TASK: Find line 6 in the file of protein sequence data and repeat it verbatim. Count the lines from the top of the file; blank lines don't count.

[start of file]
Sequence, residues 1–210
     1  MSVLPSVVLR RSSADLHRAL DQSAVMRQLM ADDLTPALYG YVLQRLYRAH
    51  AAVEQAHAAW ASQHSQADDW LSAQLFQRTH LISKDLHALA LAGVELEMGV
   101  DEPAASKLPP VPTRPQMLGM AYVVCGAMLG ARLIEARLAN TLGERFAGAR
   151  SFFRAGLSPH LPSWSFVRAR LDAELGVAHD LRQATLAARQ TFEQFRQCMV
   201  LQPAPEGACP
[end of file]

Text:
   201  LQPAPEGACP